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Swan around with the birds

A trip to a nature parkcan build children's confidence with wildlife. Nicki Household makes some feathered friends. Seven years as manager of Flimwell Bird Park have convinced Valerie Frearson that male teachers are much keener on birds than females. "The school groups who come here are almost always brought by men," she says. "I don't know why women don't like birds, but it's reflected in the fact that many more men than women are enthusiastic bird-watchers. Birds just seem to be a male hobby."

Flimwell Bird Park, near Hawkhurst, East Sussex, was created by Valerie Frearson's brother, local GP Peter Player, and both inherited their interest in birds from their father, also a doctor.

With its five lakes, grassland and woods, the park, which opened in 1989, is home to more than 103 species of wildfowl, including swans, geese and ducks, collected from all over the world.

As well as giving children a fascinating glimpse into the behaviour and lifestyle of some beautiful and unusual birds (thus linking into the primary science curriculum), a trip to Flimwell is useful for geography, as each lake represents a different continent - Europe, Asia, Africa, Australia and America. However, Valerie Frearson believes that, above all, Flimwell gives children a familiarity and confidence with birds. "Sometimes they come through the door looking quite frightened because the geese and ducks they see wandering freely about the place seem big at first, but by the time they come back from their walk round the lakes an hour or so later, they're always brimming over with confidence."

From the moment you arrive at Flimwell, birds are everywhere. Two cockatiels, called Lager and Lime, fly around the tea-room, sitting happily on the shoulders of anyone who looks willing, and there are always some newly hatched chicks for children to hold.

As you walk across the picnic area towards the lakes and breeding enclosures, you mingle with tame chickens, Aylesbury ducks, turkeys, guinea fowls, Hawaiian geese and peacocks. Hand-reared and used to humans of all sizes, these birds are an ideal introduction to the wilder, more exotic waterfowl on the breeding lakes.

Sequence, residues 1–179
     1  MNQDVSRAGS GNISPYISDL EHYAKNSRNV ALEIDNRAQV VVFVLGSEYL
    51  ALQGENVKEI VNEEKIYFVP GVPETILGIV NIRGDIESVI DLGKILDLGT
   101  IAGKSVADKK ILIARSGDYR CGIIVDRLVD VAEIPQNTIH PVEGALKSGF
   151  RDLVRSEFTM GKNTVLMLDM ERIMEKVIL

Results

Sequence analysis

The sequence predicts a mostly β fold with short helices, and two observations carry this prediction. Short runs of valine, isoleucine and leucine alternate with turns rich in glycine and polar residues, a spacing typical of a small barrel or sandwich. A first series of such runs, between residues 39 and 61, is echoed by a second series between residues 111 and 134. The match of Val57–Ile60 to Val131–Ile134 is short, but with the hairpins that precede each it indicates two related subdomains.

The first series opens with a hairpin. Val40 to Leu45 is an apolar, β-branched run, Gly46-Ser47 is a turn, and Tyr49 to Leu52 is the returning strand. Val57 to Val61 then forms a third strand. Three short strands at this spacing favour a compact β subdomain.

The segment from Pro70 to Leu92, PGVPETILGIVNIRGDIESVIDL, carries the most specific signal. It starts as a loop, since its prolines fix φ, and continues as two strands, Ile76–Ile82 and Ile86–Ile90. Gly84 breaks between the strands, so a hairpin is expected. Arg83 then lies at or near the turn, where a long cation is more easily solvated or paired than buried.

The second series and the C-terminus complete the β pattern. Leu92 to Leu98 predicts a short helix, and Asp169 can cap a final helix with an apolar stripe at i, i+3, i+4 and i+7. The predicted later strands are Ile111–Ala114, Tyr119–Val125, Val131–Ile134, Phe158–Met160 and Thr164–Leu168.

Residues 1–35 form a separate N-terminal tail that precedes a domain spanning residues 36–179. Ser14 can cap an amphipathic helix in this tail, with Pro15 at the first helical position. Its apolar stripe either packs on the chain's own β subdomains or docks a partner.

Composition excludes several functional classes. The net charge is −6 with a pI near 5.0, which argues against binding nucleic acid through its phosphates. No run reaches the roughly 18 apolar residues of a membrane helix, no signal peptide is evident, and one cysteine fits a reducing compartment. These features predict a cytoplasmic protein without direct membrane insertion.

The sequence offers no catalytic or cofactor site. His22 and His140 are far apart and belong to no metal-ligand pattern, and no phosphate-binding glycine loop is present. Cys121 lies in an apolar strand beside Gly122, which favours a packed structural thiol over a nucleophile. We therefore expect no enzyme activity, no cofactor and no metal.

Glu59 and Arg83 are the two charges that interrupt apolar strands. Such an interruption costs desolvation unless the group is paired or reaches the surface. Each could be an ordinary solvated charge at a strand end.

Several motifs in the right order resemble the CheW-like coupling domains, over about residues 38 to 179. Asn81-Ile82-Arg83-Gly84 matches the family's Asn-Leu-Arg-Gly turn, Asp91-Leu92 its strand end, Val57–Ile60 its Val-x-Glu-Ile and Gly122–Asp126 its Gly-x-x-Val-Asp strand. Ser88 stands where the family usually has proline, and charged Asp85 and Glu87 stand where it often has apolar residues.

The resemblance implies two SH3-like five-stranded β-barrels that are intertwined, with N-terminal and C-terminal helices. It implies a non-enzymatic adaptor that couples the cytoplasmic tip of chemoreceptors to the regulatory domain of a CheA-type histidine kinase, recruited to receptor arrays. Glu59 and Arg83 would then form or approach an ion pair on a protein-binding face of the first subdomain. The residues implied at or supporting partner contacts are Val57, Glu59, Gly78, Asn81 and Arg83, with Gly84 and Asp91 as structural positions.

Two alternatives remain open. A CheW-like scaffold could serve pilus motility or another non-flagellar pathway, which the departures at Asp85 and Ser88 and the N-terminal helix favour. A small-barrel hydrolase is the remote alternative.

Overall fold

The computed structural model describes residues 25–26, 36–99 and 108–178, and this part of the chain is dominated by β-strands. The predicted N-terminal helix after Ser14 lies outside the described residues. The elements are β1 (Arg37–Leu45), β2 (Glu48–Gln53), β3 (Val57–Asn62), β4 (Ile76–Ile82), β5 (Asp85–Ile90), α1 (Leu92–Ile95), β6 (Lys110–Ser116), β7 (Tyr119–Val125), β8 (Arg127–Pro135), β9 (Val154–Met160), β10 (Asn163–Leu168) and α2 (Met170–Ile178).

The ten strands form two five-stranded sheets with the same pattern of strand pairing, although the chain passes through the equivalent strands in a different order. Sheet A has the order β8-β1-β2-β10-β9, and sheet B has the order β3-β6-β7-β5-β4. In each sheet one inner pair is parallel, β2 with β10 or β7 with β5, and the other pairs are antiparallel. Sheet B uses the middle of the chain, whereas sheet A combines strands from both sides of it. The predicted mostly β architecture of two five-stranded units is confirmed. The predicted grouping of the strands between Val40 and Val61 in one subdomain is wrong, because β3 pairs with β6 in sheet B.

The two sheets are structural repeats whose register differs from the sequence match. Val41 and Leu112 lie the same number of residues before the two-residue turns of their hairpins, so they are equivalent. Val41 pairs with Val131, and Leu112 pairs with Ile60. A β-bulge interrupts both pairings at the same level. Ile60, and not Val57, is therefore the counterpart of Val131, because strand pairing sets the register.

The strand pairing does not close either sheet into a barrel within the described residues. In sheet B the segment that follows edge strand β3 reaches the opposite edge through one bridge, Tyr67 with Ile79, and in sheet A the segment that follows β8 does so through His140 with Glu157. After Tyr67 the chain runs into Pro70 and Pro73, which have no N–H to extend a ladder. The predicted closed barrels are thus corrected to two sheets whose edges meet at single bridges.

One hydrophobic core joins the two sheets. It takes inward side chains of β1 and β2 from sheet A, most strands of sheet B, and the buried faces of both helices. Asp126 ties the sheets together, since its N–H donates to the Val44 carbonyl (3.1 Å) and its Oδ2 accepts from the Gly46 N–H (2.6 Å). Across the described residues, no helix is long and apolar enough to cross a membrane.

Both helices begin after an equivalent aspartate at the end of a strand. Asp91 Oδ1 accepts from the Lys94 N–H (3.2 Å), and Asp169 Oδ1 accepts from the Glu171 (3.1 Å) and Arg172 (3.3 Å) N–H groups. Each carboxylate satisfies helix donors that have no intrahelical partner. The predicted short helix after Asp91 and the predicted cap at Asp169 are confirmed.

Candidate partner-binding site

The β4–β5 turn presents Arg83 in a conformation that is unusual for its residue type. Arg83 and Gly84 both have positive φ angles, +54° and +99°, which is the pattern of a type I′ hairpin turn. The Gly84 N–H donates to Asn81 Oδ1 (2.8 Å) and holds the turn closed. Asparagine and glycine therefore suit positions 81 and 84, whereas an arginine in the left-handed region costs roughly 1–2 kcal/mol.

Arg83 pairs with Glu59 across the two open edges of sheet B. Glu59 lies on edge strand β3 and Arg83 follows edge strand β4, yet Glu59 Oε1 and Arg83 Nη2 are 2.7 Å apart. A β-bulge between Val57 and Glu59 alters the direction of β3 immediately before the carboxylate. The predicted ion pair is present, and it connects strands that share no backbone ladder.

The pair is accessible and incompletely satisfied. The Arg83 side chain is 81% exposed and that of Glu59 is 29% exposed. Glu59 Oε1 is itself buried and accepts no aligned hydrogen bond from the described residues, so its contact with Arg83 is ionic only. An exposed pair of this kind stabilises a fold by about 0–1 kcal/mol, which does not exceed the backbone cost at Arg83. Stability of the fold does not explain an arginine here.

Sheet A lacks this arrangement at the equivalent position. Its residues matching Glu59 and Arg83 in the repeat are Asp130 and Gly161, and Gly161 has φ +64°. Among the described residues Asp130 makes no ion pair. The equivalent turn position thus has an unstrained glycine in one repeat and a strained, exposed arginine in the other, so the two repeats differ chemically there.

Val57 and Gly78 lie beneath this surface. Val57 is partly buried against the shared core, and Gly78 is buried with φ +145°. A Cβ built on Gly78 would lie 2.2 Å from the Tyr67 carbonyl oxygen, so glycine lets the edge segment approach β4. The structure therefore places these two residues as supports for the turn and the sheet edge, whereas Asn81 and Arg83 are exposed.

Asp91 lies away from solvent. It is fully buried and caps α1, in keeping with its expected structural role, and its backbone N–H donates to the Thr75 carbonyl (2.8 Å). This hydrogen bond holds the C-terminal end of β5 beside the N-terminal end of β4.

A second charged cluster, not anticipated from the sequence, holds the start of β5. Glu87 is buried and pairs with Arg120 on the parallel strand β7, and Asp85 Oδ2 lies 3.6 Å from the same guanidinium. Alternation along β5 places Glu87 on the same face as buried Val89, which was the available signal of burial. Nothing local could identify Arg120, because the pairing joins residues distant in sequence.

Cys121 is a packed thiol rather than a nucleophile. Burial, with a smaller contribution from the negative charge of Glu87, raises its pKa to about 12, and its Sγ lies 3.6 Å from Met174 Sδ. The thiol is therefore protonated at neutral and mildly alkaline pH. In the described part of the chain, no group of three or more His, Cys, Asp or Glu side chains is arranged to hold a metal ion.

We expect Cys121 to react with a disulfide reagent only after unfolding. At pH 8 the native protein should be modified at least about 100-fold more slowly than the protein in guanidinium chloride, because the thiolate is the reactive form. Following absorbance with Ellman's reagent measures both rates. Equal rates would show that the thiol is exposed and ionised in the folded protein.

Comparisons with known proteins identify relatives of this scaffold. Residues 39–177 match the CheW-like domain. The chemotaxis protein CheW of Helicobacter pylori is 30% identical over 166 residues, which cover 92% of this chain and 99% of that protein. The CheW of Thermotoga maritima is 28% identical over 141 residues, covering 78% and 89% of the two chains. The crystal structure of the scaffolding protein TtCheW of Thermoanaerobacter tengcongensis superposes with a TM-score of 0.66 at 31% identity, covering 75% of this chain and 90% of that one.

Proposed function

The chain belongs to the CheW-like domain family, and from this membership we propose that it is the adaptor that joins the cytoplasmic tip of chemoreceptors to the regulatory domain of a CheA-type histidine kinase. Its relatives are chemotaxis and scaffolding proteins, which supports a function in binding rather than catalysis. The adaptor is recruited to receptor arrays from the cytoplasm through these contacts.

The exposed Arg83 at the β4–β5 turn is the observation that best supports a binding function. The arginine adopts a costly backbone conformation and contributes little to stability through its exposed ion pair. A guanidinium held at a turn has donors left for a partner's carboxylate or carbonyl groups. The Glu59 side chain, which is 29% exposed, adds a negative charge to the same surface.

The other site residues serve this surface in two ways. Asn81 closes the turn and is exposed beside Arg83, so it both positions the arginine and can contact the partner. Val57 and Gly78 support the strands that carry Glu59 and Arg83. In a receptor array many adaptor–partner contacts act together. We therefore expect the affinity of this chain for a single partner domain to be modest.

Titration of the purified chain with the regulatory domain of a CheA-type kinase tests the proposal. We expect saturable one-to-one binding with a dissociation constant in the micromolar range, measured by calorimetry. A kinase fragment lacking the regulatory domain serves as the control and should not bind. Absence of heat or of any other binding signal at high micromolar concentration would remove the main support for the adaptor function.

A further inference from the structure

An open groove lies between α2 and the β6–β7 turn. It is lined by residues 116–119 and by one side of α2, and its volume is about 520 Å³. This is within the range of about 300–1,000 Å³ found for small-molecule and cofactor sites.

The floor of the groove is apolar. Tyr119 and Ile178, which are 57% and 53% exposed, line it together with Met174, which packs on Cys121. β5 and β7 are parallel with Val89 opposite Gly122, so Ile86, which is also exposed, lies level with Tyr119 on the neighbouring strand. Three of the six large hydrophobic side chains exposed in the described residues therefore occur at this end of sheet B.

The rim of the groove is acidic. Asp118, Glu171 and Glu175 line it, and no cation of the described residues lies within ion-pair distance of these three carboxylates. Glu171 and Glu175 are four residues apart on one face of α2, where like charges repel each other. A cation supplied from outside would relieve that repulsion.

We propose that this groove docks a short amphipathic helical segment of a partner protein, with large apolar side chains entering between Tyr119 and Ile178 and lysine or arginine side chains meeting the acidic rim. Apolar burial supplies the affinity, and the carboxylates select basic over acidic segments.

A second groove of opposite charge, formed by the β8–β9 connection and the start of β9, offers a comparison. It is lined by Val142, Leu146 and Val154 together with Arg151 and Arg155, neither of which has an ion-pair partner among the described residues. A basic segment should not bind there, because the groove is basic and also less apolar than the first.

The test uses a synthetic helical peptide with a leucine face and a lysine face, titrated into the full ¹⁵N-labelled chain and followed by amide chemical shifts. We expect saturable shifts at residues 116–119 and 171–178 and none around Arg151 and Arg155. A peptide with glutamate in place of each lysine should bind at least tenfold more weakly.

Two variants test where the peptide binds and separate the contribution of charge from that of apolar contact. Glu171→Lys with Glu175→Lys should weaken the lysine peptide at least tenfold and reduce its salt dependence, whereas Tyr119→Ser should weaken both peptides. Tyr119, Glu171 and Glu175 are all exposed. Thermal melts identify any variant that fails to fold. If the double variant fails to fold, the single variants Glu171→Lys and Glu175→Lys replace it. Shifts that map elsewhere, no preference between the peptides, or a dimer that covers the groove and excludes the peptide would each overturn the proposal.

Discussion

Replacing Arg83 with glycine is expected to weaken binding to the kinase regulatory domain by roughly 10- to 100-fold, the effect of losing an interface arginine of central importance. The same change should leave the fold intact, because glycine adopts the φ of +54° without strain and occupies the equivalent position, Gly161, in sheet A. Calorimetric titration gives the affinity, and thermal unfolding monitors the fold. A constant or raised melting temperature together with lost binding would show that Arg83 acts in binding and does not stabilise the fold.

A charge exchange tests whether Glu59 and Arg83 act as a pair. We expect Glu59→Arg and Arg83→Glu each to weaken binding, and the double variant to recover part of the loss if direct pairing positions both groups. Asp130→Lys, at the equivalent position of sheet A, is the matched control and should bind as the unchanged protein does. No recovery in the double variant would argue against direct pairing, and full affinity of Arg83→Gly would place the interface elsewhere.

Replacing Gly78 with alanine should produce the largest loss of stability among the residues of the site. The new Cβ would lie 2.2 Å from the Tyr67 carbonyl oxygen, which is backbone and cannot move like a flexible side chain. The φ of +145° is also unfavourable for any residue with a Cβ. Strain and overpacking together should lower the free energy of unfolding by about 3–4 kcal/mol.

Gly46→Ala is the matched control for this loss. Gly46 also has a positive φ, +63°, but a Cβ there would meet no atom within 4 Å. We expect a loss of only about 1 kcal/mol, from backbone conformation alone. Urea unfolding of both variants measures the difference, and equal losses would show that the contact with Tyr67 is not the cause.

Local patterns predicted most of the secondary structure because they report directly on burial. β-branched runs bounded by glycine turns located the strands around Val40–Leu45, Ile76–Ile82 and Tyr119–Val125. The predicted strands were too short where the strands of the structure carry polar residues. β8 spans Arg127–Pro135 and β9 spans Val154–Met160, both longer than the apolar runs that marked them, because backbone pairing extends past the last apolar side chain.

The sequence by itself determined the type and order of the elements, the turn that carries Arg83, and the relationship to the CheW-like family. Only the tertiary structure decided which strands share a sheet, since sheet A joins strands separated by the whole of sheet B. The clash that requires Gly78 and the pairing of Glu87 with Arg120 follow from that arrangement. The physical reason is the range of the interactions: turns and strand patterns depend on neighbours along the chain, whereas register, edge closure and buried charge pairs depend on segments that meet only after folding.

Even these, however, are happy to mix with visitors. Though each lake is enclosed to prevent the birds (whose wings have been pinioned) mixing with the inhabitants of other lakes, visitors are encouraged to go right into the enclosures and observe the birds at close quarters. "There are bigger bird parks than ours at, for example, Slimbridge and Birdworld, but visitors are not allowed to get so close to the wildfowl," Valerie Frearson says.

She recommends that as part of a class's preparation for the visit, the children should be encouraged to behave quietly so as not to disturb the birds. But they can feed them from little buckets of birdfood, if this has been arranged at the time of booking.

An educational pack includes worksheets that are designed to lead the children on a journey across the world, stopping off at each continental lake, where they are introduced to the wildfowl of the region. Fact-finders at each lake give details about the birds and their lifestyles, while information boards focus on an aspect of behaviour - such as plumage, camouflage, eggs or feeding - common to most wildfowl in the park.

The worksheets encourage children to identify breeds and to notice the ways their beaks, tails and feathers are adapted to the different ways they find food - some dabbling in shallow water, others up-ending in deeper water or diving deep to catch fish. They also spur children on to find answers to questions like why female ducks look so dull compared with drakes, how water birds keep their feathers watertight and why some eggs are spotty and others plain.

Aviaries contain a collection of unusual pure-bred birds, including an African barn owl, a golden eagle owl and a crane. Some of the rarest birds here and on the lake were brought back from Siberia and South America by Peter Player. However no one at Flimwell will tell you precisely which are the rarest birds, for fear of thieves. "There's a thriving trade in rare birds," explains Valerie Frearson, "but, fortunately, thieves tend to take the most exotic-looking birds, like black swans, which are not actually the most valuable."

Flimwell Bird Park, Hawkhurst Road, Flimwell, near Hawkhurst, East Sussex TN5 7QP. Tel: 01580 879202. Make enquiries about group rates to Valerie Frearson. Accompanying adults are admitted free

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